But there is real crime and then there is extraordinary crime. With a lot of robberies, sexual crime and murder, I don’ think that their clean up rate is too dismal. They are all right when they are dealing with the standard Japanese criminal. But they depend to a staggering degree on confessions. I learned this, and I read a bit around this, academic writing about Japanese prosecutors, that without confession, the case isn’t really considered a watertight case. And they are able to get confessions, partly because I think that Japanese criminals are inclined to confess, and they have 23 days to get a confession. So they don’t actually need to beat people up and abuse them. Twenty-three days is a long time, and you don’t have an automatic right to see your lawyer.

DE: In the end, it actually feels very refreshing that in a story like this you don’t try to force some conclusion on the reasons why Obara acted the way he did.
RLP: I think that when I started out, I was expecting to crack Joji Obara like a nut. And I guess I imagined it like a puzzle, like if I succeeded is that I would find a solution for it. There would be a secret. But I don’t think there is. And perhaps for people like that, the secret is that there is nothing there. That what explains his behavior is not any kind of positive evil, to use that problematic word, but a lack of capacity to make any kind of human relationships.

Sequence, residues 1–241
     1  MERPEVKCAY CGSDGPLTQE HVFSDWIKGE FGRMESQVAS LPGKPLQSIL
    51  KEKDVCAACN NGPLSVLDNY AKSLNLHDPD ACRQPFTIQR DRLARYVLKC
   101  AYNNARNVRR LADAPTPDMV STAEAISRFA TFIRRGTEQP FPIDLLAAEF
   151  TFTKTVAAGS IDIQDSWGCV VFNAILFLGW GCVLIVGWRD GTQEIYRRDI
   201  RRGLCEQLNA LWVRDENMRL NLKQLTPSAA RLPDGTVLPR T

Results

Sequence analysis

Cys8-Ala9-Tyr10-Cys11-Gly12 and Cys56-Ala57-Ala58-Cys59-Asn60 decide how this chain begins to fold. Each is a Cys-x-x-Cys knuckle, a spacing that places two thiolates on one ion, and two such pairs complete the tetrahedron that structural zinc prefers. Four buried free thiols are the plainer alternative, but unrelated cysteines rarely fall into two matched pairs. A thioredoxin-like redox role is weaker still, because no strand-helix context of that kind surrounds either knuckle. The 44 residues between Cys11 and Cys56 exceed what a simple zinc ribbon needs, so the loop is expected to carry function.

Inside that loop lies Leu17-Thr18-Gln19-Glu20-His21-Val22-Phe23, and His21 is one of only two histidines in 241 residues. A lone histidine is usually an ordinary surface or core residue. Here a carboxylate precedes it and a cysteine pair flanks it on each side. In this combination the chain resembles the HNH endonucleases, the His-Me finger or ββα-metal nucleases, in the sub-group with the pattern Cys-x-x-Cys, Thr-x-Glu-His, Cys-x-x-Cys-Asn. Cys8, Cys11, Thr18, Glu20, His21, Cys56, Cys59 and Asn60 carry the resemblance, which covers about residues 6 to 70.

I was digging and digging and trying to find out more and feeling frustrated, and you know there is a whole literature about serial killers and psychopaths. I hesitate to use that word, and no psychiatric evaluation has ever been made of him, so I don’t know whether the word psychopath means anything very much or whether it applies to him. But one of the things that is often said of people who are labeled as psychopaths is that they are very boring. There is very little to say about them except to describe their actions, They lack personality really, because they don’t have empathy and they don’t form relationships. And if you strip relations away from human beings, then what is there left really? Except for just biological drives. So in the end, I stopped worrying that he didn’t seem very interesting, and thought that might be the most interesting thing about him.